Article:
All three of these forces served to push the world’s output up while keeping costs down, almost regardless of individual governments’ policies. Now Prof Charles Goodhart, one of a select band of economists to have a law named after him, is arguing that these forces are played out, and we are on the cusp of The Great Demographic Reversal. Along with Manoj Pradham, he told us last week: “Our view of the future is not encouraging, but it is coherent and plausible.”
That the three forces are in retreat is surely not in doubt. There is a growing backlash against China, whose very success is starting to make her products less competitive. Globalisation may not go into reverse, but is no longer seen as an unmitigated good for economic policy. The world’s population is getting older, as average family sizes fall everywhere outside sub-Saharan Africa, driven by the move to cities and the need to educate the offspring. Looking after the elderly is a rapidly-growing, labour-intensive occupation.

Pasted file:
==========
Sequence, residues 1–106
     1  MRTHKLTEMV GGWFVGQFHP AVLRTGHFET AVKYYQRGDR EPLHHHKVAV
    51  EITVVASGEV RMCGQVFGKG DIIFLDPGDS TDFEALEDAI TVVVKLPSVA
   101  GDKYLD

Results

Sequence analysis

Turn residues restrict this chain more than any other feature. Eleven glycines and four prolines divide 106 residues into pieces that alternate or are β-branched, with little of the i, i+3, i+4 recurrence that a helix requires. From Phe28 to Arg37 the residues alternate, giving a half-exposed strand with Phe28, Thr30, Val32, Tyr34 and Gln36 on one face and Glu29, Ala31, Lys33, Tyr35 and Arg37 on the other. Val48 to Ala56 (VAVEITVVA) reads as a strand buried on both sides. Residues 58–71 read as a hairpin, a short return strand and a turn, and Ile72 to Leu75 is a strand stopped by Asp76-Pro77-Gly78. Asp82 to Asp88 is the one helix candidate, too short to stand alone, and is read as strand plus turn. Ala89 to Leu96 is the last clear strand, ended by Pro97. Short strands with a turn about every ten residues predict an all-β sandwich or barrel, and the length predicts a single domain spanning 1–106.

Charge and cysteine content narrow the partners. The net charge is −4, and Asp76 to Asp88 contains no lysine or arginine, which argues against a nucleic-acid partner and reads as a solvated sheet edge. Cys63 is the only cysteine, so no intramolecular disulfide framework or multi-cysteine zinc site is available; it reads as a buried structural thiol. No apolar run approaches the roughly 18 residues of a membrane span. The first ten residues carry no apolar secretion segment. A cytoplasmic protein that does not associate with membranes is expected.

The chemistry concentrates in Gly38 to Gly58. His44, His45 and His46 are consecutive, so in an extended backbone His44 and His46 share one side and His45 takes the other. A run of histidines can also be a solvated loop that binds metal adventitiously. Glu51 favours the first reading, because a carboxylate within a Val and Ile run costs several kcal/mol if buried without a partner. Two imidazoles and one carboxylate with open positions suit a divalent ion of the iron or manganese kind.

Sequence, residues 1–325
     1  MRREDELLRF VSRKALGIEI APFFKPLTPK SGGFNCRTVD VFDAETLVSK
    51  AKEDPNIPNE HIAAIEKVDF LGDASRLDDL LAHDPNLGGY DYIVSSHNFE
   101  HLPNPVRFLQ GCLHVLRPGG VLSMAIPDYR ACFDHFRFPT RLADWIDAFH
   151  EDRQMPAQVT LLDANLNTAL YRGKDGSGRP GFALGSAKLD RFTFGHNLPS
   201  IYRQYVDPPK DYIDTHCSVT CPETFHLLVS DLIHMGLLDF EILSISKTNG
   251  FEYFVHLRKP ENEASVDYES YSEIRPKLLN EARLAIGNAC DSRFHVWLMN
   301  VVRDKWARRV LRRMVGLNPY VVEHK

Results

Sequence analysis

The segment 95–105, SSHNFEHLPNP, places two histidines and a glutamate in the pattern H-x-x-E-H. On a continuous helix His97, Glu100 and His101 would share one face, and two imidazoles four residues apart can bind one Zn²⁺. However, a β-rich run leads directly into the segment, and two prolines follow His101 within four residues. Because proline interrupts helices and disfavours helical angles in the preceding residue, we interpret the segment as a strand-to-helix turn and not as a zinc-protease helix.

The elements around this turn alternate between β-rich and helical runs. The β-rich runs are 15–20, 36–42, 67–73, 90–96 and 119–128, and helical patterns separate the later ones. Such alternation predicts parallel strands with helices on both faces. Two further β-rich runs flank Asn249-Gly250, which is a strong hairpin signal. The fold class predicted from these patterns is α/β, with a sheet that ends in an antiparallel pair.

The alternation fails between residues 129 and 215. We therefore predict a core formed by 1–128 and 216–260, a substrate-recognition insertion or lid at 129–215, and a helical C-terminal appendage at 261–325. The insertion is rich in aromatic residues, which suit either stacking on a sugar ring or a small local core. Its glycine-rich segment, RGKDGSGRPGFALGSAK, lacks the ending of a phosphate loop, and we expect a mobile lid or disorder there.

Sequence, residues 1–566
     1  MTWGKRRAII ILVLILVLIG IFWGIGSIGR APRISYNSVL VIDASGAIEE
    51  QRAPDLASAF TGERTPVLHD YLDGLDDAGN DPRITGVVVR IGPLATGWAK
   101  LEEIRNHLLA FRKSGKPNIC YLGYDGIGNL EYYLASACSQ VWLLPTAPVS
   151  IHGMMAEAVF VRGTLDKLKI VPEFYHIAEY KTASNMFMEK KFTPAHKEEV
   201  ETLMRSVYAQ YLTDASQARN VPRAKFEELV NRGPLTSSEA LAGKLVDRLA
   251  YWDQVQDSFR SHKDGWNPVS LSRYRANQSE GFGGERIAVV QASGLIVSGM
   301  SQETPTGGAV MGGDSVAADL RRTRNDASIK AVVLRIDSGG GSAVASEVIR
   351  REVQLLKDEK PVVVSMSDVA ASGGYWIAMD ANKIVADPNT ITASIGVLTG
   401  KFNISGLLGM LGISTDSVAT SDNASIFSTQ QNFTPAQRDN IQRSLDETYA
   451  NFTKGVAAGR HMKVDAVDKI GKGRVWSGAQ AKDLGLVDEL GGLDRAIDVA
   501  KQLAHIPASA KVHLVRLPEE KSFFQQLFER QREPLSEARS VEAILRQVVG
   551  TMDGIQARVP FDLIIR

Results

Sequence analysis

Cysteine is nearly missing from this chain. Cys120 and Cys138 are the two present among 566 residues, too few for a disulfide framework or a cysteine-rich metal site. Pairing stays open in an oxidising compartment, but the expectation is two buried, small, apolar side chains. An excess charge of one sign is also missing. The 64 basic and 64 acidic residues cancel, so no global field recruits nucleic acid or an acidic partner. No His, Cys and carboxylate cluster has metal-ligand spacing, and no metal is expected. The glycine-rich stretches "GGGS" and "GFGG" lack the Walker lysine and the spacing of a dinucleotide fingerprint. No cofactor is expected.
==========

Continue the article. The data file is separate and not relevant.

This is good news for workers everywhere. There will be more demands on fewer of them, so they will regain some lost bargaining power. Governments will have to pay more, while paying for a growing army of the retired and their healthcare. The newly-empowered workers will be no keener to pay the extra taxes required than we are today, and the path of least resistance will lead to inflation. Well, not this year, given where we are starting from. And as the prof says, this outcome is not (necessarily) encouraging but it is coherent and plausible.
But cheer up!
Another broadside from the Global Warming Foundation at the conventional wisdom that we’re all doomed, choking on our carbon dioxide. Indur Goklany finds that “climate change is having only small, and often benign, impacts. Those from extreme weather events ― hurricanes, tornadoes, floods and droughts ― are, if anything, declining.”
“A recent study showed that the Earth has actually gained more land in coastal areas in the last 30 years than it has lost through sea-level rise. We now know for sure that coral atolls aren’t disappearing and even Bangladesh is gaining more land through siltation than it is losing through rising seas.”